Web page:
New Global Research Shows that Digital Transformation Heightens Risk of Costly Cyber Attacks
ESI ThoughtLab releases cybersecurity analysis and benchmarks covering 1,300 companies
Philadelphia, PA – A comprehensive study about cybersecurity from leading research firm ESI ThoughtLab, together with a cross-industry coalition of organisations including Baker McKenzie, CyberCube, HP Inc., KnowBe4, Opus, Protiviti, Security Industry Association, Willis Towers Watson, and WSJ Pro Cybersecurity shows that digital transformation is exposing companies to higher and more costly cyber risks. According to a global benchmarking study of 1,300 companies, those whose cybersecurity practices do not keep pace with their digital transformation initiatives are more likely to see US$1 million or more in losses from a cyber-attack.
The research shows that cyber risks rise dramatically as companies embrace new technologies, adopt open platforms, and tap ecosystems of partners and suppliers. While firms now report the biggest impacts from malware (81%), phishing (64%), and ransomware (63%), in two years they expect massive growth in attacks through partners, customers and vendors (247% growth); supply chains (+146%); denial of service (+144%); apps (+85%); and embedded systems (84%).
Surveyed companies see high risks from external threat actors, such as unsophisticated hackers (cited by 59% of firms), cyber criminals (57%), and social engineers (44%), but the greatest threat lies with untrained general staff (87%). Another 57% of firms see data sharing with partners and vendors as their main IT vulnerability. Nonetheless, only 17% of companies have made significant progress in training staff and partners on cybersecurity awareness.
“Companies need to make sure that their cybersecurity programs keep pace with their digital transformation efforts,” said Lou Celi, CEO of ESI ThoughtLab and director of the study. “Cybersecurity should not be an afterthought. It needs to be integrated into the fabric of an strategy.”
To win the arms race with hackers, companies are boosting their cybersecurity investments
To cope with rising cyber risks, surveyed companies are increasing their cybersecurity investment 7% this year and 14% next year. The biggest upsurge will come from platform companies, which are hiking their spending 59% this year and 64% next year. On average, companies with revenue between $250m-$1b will spend $2.9m next year; $1b- $5b ($5.7m); $5b-$20b ($10.7m); and $20b+ ($16.8m). Next year, these firms plan to allocate 39.3% of their cybersecurity budgets to technology, 30.7% to process, and 30% to people. Companies now use a variety of technologies to improve cybersecurity, such as multi-factor authentication (90%), blockchain (68%), IoT (62%), and AI (44%). Over the next two years, they plan to greatly expand their use of behavioral analytics (+1735%), smart grid technologies (+831%), deception technology (+684%), and hardware security and resilience (+114%).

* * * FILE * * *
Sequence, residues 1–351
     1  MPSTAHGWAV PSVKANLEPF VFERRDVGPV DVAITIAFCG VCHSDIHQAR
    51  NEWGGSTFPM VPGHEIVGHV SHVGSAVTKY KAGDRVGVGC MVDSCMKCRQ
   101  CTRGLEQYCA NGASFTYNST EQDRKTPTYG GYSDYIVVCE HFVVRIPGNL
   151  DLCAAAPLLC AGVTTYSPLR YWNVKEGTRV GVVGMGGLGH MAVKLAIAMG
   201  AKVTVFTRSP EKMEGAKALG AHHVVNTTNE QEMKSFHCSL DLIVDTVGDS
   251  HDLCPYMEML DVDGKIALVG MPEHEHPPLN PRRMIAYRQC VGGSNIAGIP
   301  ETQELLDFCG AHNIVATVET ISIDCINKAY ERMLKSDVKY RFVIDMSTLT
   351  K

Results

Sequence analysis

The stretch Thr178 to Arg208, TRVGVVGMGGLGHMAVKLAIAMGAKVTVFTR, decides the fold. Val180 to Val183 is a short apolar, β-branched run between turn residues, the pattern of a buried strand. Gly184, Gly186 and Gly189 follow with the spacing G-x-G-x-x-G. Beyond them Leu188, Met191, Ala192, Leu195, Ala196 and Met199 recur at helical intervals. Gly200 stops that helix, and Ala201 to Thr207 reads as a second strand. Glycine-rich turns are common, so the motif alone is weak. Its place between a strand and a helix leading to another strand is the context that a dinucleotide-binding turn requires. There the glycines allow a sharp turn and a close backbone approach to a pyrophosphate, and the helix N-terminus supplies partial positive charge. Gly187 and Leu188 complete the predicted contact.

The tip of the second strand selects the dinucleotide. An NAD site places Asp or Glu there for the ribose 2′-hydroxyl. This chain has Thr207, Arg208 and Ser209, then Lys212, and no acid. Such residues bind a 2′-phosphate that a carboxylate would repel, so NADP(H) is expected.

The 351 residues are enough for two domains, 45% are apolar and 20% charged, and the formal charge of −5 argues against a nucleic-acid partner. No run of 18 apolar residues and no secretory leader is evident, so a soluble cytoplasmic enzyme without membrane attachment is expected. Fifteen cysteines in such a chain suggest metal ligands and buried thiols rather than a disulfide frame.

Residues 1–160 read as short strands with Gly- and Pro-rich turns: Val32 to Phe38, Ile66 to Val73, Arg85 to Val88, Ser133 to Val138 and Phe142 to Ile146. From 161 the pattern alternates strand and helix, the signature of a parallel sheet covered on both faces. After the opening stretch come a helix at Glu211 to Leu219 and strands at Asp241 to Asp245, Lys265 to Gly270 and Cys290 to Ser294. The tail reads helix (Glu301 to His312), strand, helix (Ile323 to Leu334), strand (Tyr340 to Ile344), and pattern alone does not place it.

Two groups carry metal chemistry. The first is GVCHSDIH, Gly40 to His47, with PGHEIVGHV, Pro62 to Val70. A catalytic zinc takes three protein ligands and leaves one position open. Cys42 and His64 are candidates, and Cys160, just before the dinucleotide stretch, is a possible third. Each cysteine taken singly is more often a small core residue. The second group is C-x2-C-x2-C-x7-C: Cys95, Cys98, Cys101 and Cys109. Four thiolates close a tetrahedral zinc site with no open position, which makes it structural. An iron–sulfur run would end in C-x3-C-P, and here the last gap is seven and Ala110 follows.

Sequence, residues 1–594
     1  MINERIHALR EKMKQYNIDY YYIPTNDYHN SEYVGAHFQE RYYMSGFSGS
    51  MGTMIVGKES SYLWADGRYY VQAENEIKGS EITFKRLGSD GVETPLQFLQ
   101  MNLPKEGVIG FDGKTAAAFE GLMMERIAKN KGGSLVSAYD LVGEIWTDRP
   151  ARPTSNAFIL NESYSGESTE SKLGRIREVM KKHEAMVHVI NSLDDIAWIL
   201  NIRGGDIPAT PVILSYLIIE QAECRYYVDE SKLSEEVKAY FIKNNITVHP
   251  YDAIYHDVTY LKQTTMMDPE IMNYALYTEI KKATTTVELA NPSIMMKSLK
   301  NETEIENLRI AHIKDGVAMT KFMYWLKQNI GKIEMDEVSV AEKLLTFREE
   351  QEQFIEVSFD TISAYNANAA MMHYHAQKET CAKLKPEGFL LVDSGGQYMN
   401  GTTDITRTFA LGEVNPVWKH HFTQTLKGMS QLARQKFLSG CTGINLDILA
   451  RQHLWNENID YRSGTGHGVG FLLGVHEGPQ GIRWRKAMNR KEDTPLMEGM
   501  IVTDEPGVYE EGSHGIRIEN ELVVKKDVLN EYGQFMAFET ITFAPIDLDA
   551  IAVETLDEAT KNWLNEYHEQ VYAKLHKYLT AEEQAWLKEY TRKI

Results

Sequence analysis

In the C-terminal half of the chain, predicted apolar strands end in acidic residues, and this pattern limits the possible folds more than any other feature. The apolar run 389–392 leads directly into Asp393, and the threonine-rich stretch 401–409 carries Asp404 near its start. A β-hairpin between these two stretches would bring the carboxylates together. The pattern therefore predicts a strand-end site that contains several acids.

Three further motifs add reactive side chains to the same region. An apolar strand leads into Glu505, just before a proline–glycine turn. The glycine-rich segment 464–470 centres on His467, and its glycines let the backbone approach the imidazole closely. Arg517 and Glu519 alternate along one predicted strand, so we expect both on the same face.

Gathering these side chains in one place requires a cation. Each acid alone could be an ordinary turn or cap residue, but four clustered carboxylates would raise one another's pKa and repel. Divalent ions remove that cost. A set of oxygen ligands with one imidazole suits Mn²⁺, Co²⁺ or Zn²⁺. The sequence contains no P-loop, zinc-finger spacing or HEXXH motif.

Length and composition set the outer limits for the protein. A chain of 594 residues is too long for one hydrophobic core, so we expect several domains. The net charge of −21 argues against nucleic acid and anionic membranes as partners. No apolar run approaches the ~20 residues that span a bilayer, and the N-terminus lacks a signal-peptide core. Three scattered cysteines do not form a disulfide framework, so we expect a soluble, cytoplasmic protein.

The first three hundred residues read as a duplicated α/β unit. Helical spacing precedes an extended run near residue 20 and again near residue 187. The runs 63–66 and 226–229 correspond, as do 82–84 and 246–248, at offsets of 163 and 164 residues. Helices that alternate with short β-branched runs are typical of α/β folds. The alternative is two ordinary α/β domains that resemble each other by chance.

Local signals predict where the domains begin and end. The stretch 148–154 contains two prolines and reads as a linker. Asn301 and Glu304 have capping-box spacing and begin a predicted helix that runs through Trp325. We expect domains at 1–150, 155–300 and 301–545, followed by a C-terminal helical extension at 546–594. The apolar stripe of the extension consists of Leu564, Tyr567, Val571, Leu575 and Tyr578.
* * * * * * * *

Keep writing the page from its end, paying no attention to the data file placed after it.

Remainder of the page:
Cybersecurity is still a work in progress
ESI ThoughtLab scored the surveyed companies based on their progress against each area of the NIST cybersecurity framework, then segmented these firms into three stages of cybersecurity maturity: beginners, intermediates, and leaders. The study’s results reveal that companies have a long way to go with regard to cybersecurity maturity: only 20% of companies are leaders, while 31% are beginners and 49% are intermediates. Interestingly, technology firms have the lowest maturity scores although platform companies have the highest. Financial services and insurance firms also tend to be further along the maturity curve than average.
According to the study, companies have made more progress on risk prevention than resilience. Over the next year, firms will continue to allocate the largest share of their investment to protection (26.5%), but will allocate more to respond (19.2%) and recover (18.1%) to increase resilience as attacks rise. Cybersecurity maturity also varies by country: companies in the study with the highest maturity scores are based in the U.S. (107.2), South Korea (104.7), Japan (102.6), France (101.9), and Australia (101.3). Most of the lowest scoring companies were headquartered in emerging markets, including Brazil (88.6), Argentina (93.6), and India (93.7), although companies in Germany (97.3) and Switzerland (96.3) also had relatively low scores.
The returns on cybersecurity maturity
The study shows that as corporate cybersecurity systems mature, the probability of costly cyberattacks declines. Cybersecurity beginners have a 21.1% probability of cyberattacks generating over $1m in losses vs 16.1% for intermediates, and 15.6% for leaders. The costs of cyberattacks also decrease as cybersecurity matures: the costs for beginners is 0.039% of revenue ($3.9m for a $10b company) compared with 0.012% of revenue for leaders ($1.2m for a $10b company). However, these costs and the number of successful attacks are harder to measure for beginners due to their inadequate detection systems.
Despite better monitoring methods and metrics, most companies still do not know the ROI of their cybersecurity investments. One stumbling block is that firms often do not measure indirect costs, such as productivity loss, reputational damage, and opportunity costs, which can hurt bottom lines. Another is the difficulty of gauging risk probabilities and the failure to take into account the upside from improving productivity (cited by 35% of companies), profitability (22%), corporate reputations (18%), competitive positioning (16.2%), and customer engagement (11%).
“While cybersecurity will always be more of an art than a science,” says Celi, “companies need to do a better job of measuring their full direct and indirect cost-benefits to understand where to invest to secure their digital future. This study is a major step in that direction.”